Walid Omari, the head of the Qatar-based satellite TV station's operations in the West Bank, told Reporters Without Borders that his crew was preparing a report on the death of a detainee at the Palestinian Authority detention center in Hebron that might have been the result of torture.

"We were the only ones to investigate this case and we did it despite strong pressure from the Palestinian Authority," Omari said.

Al Jazeera's Hebron correspondent went with a cameraman to the victim's home in the village of Dura, where they interviewed the family and filmed the body.


As they were returning to Hebron in a vehicle displaying the word "Press," they were detained by Palestinian Authority security forces at a checkpoint and taken to a police station, where the video footage they had just recorded was erased. They were allowed to go after an hour.


One can only imagine the international media's reaction had the TV crew been detained by Israeli security forces. Anti-Israel groups and individuals would have cited the incident as further proof of the "occupation's brutal measures" against the freedom of the media.

Moreover, it is highly likely that Israeli human rights organizations like Betselem would have dispatched researchers to the field to investigate the incident had IDF soldiers been involved.


Yet foreign journalists and human rights activists working in Israel and the Palestinian territories either chose to ignore the story or never heard about it simply because it was lacking in an anti-Israel angle.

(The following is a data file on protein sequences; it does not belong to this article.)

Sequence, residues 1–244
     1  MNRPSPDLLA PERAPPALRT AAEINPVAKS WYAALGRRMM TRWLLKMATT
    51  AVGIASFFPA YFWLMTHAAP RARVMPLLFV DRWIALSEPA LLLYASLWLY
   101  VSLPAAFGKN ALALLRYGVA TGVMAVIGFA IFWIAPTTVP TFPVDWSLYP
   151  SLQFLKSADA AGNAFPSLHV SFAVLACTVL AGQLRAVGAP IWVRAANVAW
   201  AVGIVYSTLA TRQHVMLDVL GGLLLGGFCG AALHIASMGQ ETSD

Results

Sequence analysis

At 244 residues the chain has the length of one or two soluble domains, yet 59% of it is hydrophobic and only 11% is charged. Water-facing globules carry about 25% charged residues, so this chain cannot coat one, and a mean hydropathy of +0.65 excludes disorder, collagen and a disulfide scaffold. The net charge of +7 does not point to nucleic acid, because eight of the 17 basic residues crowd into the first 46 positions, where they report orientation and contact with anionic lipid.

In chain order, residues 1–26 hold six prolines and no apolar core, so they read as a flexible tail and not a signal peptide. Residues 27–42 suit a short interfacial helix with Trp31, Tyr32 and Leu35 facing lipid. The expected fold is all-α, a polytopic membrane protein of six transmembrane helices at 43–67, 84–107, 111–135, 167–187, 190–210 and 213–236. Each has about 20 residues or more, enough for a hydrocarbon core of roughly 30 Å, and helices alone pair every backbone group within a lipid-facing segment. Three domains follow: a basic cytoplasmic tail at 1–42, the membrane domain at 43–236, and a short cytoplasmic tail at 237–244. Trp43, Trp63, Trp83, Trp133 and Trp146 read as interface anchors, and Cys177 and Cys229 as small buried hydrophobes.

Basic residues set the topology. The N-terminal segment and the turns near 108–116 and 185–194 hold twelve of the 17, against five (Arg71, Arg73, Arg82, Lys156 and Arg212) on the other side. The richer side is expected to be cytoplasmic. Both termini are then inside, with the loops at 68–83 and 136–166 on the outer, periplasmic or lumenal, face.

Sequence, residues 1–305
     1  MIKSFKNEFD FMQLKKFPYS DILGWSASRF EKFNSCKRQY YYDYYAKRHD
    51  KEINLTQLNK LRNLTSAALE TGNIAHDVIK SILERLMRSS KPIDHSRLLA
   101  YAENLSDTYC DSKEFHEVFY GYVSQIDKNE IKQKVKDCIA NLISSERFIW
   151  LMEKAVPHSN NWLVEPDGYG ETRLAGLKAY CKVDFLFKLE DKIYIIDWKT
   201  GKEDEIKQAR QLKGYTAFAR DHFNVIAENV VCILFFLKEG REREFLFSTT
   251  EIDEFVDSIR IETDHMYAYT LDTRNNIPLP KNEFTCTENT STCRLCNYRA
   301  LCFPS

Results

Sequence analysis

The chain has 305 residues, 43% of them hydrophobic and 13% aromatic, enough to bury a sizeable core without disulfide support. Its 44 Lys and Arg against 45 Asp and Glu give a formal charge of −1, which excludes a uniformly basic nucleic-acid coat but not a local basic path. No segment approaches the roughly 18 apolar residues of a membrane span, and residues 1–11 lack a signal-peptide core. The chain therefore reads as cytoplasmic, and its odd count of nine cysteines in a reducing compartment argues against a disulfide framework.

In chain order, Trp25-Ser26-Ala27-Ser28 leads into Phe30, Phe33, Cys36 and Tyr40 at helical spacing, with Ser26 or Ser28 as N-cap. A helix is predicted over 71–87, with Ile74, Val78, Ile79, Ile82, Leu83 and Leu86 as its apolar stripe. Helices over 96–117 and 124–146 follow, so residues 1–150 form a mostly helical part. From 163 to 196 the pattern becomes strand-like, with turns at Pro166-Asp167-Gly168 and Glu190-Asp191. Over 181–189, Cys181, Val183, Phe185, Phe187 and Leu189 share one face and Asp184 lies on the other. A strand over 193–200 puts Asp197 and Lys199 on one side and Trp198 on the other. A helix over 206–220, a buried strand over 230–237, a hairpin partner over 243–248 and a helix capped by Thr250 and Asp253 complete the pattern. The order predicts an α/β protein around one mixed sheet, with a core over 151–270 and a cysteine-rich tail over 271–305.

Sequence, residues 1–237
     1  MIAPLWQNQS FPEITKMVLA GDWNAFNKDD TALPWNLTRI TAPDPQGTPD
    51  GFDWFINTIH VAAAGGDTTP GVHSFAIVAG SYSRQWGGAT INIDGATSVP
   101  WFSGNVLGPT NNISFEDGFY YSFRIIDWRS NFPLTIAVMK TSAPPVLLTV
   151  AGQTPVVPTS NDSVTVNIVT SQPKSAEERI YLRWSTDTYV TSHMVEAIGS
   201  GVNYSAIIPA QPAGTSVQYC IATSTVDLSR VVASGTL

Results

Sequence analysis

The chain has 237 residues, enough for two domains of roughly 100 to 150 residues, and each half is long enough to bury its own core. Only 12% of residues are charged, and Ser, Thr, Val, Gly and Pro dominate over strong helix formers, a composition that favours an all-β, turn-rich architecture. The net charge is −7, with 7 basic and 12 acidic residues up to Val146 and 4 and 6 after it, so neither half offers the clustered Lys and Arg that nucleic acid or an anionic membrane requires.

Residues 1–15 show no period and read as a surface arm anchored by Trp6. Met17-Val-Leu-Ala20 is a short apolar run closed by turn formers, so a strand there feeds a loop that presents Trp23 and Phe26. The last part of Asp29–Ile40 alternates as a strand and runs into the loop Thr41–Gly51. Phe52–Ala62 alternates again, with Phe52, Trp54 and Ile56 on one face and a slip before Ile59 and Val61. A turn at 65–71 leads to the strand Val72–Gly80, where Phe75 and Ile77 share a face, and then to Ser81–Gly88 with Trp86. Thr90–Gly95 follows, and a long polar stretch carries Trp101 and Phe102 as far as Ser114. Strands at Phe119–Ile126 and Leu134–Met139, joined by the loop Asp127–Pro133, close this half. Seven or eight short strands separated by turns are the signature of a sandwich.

One can also imagine how the media and human rights organizations would have reacted had a Palestinian died in Israeli prison after allegedly being tortured.


Haitham Amr, a male nurse, was detained by the Palestinian Authority's US-backed and trained General Intelligence Force on suspicion of being affiliated with Hamas. He was one of more than 700 Palestinians who are being held without trial in West Bank prisons that are run by security forces loyal to Palestinian President Mahmoud Abbas.


These security forces, which are being referred to by many Palestinians as the Dayton Forces [a reference to ret. US general and security coordinator Keith Dayton], claimed that Amr was killed after he jumped from the second floor of a building where he was being held in Hebron. The family and human rights organizations insist that Amr died as a result of severe torture.


If the Palestinian Authority really had nothing to fear, why did it send its police officers to detain the TV crew and confiscate the tape? Is the Palestinian Authority trying to hide something?


True, Mahmoud Abbas and Prime Minister Salaam Fayad hold more moderate views than Hamas's Ismail Haniyeh and Khaled Mashaal.


But Abbas and Fayad do not enjoy enough credibility among their own people, largely due to their open ties with Israel and the West. The security and financial support that the Americans and Europeans are giving to the Palestinian Authority is nothing but a bear hug.


That is perhaps why they chose to ignore the story about the male nurse whose family says was tortured to death by security officers who receive their salaries from US and European taxpayers' money.